• In addition, a well-thought-out backup strategy is recommended. This will ensure that you can recover as much of your data as possible in the worst case scenario.

Regarding ransomware, you should consider, among others:

  • Backups attached to the system can also be encrypted by ransomware. Because of this, frequent backups are recommended that also physically disconnect from the system after creation.
  • Inactive ransomware can also be stored on your backup and then encrypt it after importing. Make sure you save as many previous backups as possible. Also, make sure they are stored in "read only" mode. Then these backups cannot be changed afterwards, not even by ransomware. Discuss the proper response in case of an emergency with your IT department or with an external IT security service provider, such as Perseus.
  • Practice it – with your employees, too – and write it down. In an active case, a quick and correct response is essential. Prevention is the best defense!

After a seemingly “normal” cyber incident

  • Be very careful to check your system for deeper compromises and very closely monitor inbound and outbound traffic
  • If you have not already done so, discuss the issue of ransomware and security with your IT department and/or an external IT security provider, like Perseus.

In an active case

ATTENTION: These instructions are general. In the event of an emergency, follow the procedure discussed with your IT department or with an external IT security service provider, such as Perseus. Only this is tailored to your company-specific IT infrastructure!

  • Disconnect the affected device or system from the network, the Internet and, if possible, power, as quickly as possible. With luck, you can stop the encryption process from completion. Do not be fooled, not even by different messages on the screen of an affected computer.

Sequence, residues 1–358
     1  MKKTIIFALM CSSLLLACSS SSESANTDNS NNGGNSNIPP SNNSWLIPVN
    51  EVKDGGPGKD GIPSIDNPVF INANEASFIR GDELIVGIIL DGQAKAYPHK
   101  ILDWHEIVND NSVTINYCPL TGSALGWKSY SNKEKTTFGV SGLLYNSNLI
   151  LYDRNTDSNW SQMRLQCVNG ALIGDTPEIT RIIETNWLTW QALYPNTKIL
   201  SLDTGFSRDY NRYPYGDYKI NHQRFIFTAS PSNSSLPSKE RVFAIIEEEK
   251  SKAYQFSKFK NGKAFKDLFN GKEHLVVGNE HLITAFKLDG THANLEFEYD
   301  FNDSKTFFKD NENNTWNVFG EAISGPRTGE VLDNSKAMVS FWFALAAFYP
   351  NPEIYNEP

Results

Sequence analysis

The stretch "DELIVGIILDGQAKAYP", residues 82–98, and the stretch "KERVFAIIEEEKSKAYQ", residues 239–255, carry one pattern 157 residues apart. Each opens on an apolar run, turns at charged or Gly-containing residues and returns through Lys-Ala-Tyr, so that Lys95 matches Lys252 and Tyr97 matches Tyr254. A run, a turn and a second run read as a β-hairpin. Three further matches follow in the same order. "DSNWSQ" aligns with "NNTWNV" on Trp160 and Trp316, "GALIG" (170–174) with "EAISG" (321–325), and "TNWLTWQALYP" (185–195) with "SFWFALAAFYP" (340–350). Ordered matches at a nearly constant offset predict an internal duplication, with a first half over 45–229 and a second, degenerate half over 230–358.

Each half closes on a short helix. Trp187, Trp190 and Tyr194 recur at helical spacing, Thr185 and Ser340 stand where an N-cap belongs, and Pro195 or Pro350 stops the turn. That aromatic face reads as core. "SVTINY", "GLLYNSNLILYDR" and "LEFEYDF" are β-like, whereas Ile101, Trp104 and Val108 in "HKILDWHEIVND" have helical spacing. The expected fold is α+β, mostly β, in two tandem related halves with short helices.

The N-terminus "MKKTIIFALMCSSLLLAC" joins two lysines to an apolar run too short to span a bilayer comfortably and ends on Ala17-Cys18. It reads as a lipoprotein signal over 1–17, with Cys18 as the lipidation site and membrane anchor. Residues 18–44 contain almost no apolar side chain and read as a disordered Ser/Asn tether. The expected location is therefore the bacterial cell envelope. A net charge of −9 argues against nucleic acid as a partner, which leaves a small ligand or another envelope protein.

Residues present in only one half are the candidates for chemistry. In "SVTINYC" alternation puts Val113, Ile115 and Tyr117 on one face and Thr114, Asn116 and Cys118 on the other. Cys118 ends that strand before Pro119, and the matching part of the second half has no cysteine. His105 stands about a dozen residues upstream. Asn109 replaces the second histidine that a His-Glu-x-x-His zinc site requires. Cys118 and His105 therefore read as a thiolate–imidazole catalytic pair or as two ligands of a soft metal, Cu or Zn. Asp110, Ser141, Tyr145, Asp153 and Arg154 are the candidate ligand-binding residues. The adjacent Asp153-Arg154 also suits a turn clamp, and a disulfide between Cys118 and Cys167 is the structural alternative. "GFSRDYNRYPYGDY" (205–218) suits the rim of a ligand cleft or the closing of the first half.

• Not all devices can be disconnected from the power, such as laptops or tablets with built-in batteries. If possible, remove them. If not, shut down the unit as soon as possible.
  • Notify experts for further action.
  • Usually, backups are now created of the infected systems, on the one hand for digital forensics and on the other hand, a lot of encrypted data can be restored.
  • Report this cyber incident to the police, the BKA and the Cyber Security Office in Germany. This will help get the perpetrators caught and other companies warned.
  • Do not pay a ransom. There is no guarantee that your device or system will be decrypted afterwards. For example this possibility may not even be provided in the ransomware program. There is even the possibility of being confronted with a second ransom demand after a payment. Worse, it’s possible that the cyber criminals have compromised the payment method and means of payment and thereby will gain sensitive credit card information.

Further information and tips for an active case from the Lower Saxony police:www.polizei-praevention.de/themen-und-tipps/pc-gesperrt-ransomware.html BSI warning against more targeted ransomware attacks on companies: www.allianz-fuer-cybersicherheit.de/ACS/DE/_/infos/190424_Ransomware_Angriffe.html

The German registration office for cyber security:www.allianz-fuer-cybersicherheit.de/ACS/DE/Meldestelle/meldestelle.html

Detailed situation dossier of the BSI on ransomware, including measures for the prevention and for an active case: www.allianz-fuer-cybersicherheit.de/SharedDocs/Downloads/DE/BSI/Cyber-Sicherheit/Themen/Lagedossier_Ransomware.pdf